The common language of mankind shews evidently, that we ought to distinguish between the colour of a body, which is conceived to be a fixed and permanent quality in the body, and the appearance of that colour to the eye, which may be varied a thousand ways, by a variation of the light, of the medium, or of the eye itself. The permanent colour of the body is the cause which, by the mediation of various kinds or degrees of light, and of various transparent bodies interposed, produces all this variety of appearances. When a coloured body is presented, there is a certain apparition to the eye, or to the mind, which we have called the appearance of colour. Mr Locke calls it an idea; and, indeed, it may be called so with the greatest propriety. This idea can have no existence but when it is perceived. It is a kind of thought, and can only be the act of a percipient or thinking being. By the constitution of our nature, we were led to conceive this idea as a sign of something external, and are impatient till we learn its meaning. A thousand experiments for this purpose are made every day by children, even before they come to the use of reason. They look at things, they handle them, they put them in various positions, at different distances, and in different lights. The ideas of sight, by these means, come to be associated with, and readily to suggest, things external, and altogether unlike them. In particular, that idea which we have called the appearance of colour, suggests the conception and belief of some unknown quality in the body which occasions the idea; and it is to this quality, and not to the idea, that we give the name of colour.1
Although there is no resemblance, nor, as far as we know, any necessary connection between that quality in a body which we call its colour, and the appearance which that colour makes to the eye, it is quite otherwise with regard to its figure and magnitude. There is certainly a resemblance, and a necessary connection, between the visible figure and magnitude of a body, and its real figure and magnitude; no man can give a reason why a scarlet colour affects the eye in the manner it does; no man can be sure that it affects his eye in the same manner as it affects the eye of another, and that it has the same appearance to him as it has to another man;—but we can assign a reason why a circle placed obliquely to the eye, should appear in the form of an ellipse. The visible figure, magnitude, and position may, by mathematical reasoning, be deduced from the real; and it may be demonstrated, that every eye that sees distinctly and perfectly, must, in the same situation, see it under this form, and no other. Nay, we may venture to affirm, that a man born blind, if he were instructed in mathematics, would be able to determine the visible figure of a body, when its real figure, distance, and position, are given.1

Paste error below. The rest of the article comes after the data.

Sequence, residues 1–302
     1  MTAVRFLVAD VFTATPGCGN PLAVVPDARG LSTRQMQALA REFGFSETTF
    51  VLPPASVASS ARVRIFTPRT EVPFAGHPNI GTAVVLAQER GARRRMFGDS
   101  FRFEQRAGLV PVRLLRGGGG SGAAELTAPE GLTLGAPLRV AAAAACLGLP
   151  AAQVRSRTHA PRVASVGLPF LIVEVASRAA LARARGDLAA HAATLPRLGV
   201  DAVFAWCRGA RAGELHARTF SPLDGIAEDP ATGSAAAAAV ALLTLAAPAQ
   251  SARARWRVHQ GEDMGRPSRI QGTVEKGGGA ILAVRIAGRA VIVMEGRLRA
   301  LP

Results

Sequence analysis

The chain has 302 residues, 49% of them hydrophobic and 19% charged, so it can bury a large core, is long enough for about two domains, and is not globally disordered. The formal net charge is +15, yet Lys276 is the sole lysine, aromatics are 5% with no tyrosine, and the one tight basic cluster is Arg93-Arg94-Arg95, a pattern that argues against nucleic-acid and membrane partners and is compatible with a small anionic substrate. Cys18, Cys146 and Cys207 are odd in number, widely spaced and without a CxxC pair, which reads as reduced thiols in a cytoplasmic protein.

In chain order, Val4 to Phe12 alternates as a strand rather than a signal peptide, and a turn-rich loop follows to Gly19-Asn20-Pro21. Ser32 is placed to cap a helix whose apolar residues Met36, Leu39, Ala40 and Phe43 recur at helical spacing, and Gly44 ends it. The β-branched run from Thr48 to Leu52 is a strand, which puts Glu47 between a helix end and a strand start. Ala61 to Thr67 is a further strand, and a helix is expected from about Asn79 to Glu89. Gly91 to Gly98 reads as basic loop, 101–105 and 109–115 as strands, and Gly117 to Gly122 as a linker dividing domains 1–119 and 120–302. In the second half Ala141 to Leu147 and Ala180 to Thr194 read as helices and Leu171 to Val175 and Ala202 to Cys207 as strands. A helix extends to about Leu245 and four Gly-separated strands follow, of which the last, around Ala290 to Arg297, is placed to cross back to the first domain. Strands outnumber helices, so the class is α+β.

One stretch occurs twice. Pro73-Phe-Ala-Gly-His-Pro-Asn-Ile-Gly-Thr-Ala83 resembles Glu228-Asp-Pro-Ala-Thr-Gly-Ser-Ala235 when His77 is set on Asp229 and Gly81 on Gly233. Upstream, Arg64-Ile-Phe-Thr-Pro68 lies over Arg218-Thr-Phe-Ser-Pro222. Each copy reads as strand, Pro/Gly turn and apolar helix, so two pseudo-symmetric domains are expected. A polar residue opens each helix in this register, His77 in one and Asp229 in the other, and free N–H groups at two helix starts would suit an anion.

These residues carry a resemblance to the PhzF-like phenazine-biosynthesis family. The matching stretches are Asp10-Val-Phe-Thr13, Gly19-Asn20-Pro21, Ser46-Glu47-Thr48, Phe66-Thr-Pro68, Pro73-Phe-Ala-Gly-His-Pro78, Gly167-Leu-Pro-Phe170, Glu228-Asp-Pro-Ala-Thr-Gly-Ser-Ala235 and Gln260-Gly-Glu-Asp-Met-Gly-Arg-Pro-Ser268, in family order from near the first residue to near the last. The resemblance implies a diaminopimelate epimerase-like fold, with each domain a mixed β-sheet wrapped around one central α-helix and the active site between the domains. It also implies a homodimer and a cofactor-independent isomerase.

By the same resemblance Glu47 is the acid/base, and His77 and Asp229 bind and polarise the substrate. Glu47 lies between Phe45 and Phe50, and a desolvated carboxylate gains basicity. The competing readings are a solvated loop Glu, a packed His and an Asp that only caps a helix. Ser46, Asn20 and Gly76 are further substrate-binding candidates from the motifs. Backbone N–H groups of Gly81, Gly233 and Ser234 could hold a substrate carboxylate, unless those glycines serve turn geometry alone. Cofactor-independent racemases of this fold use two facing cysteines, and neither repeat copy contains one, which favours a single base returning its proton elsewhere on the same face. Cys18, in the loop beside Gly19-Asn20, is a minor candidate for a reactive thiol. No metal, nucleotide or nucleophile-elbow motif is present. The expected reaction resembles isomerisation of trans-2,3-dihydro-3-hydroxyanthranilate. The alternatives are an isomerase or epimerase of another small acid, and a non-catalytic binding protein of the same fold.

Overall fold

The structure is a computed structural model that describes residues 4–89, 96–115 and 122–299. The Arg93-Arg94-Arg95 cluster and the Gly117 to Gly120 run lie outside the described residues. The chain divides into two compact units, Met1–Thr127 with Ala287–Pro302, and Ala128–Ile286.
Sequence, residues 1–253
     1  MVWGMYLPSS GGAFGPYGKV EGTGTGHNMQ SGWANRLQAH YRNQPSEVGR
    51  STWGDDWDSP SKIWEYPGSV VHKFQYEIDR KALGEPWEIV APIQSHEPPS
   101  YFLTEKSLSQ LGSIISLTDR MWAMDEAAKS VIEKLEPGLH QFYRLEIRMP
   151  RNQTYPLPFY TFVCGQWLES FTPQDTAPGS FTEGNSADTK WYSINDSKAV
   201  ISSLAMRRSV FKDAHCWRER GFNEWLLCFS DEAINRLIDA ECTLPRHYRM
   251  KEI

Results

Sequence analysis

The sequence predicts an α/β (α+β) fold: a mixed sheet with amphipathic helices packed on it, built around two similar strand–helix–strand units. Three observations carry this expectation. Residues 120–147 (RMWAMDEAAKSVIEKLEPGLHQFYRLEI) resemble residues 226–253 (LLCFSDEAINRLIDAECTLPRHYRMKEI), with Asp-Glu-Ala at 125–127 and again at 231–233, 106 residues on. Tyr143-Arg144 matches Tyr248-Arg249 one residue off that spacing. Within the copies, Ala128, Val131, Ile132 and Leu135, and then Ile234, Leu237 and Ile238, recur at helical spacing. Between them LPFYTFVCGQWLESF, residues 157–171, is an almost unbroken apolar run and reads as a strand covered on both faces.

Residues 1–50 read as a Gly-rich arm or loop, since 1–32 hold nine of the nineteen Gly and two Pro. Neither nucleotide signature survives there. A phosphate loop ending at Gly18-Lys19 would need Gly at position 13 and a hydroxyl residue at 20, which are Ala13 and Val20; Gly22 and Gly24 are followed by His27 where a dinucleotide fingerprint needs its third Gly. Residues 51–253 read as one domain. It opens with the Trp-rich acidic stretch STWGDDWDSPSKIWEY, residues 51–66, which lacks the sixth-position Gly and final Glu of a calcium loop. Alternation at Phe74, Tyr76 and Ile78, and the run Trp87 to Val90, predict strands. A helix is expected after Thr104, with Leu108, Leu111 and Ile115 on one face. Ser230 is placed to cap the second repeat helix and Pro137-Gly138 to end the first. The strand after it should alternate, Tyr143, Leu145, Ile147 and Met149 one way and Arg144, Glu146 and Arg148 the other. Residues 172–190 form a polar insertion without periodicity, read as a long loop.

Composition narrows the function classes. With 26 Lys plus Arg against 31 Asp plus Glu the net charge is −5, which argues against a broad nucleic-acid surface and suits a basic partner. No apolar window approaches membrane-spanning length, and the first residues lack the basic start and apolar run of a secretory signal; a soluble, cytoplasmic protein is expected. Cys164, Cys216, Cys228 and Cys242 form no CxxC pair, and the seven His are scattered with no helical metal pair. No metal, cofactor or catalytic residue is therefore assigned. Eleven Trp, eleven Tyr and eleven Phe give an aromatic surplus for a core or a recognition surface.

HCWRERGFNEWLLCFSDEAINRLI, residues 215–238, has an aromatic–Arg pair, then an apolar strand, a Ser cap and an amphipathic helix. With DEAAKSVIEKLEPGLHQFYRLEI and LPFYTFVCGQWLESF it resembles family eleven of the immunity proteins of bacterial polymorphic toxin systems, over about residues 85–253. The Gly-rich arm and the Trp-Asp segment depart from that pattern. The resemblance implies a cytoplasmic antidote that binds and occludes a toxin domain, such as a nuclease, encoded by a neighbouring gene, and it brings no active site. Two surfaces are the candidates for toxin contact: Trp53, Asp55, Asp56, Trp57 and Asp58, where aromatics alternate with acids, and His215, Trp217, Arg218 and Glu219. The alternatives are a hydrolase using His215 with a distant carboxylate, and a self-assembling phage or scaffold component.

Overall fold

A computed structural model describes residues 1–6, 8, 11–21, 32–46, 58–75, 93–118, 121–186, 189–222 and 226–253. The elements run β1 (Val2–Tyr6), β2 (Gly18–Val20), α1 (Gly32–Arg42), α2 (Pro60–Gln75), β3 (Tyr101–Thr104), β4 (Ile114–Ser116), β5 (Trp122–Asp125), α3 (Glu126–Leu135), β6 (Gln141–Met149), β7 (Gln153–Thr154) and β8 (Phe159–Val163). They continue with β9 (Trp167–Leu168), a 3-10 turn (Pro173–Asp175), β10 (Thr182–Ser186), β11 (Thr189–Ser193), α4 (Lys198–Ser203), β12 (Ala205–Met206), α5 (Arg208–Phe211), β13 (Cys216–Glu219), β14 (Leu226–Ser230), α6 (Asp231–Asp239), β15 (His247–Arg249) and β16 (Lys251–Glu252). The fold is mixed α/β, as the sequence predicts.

Since the visible figure of bodies is a real and external object to the eye, as their tangible figure is to the touch, it may be asked, Whence arises the difficulty of attending to the first, and the facility of attending to the last? It is certain that the first is more frequently presented to the eye, than the last is to the touch; the first is as distinct and determinate an object as the last, and seems in its own nature as proper for speculation. Yet so little hath it been attended to, that it never had a name in any language, until Bishop Berkeley gave it that which we have used after his example, to distinguish it from the figure which is the object of touch.
The difficulty of attending to the visible figure of bodies, and making it an object of thought, appears so similar to that which we find in attending to our sensations, that both have probably like causes. Nature intended the visible figure as a sign of the tangible figure and situation of bodies, and hath taught us, by a kind of instinct, to put it always to this use. Hence it happens, that the mind passes over it with a rapid motion, to attend to the things signified by it. It is as unnatural to the mind to stop at the visible figure, and attend to it, as it is to a spherical body to stop upon an inclined plane. There is an inward principle, which constantly carries it forward, and which cannot be overcome but by a contrary force.1
[1 ]Ibid., p. 135.
[1 ]Ibid., pp. 137-138.
[1 ]Ibid., pp. 142-143.
[1 ]Ibid., p. 146.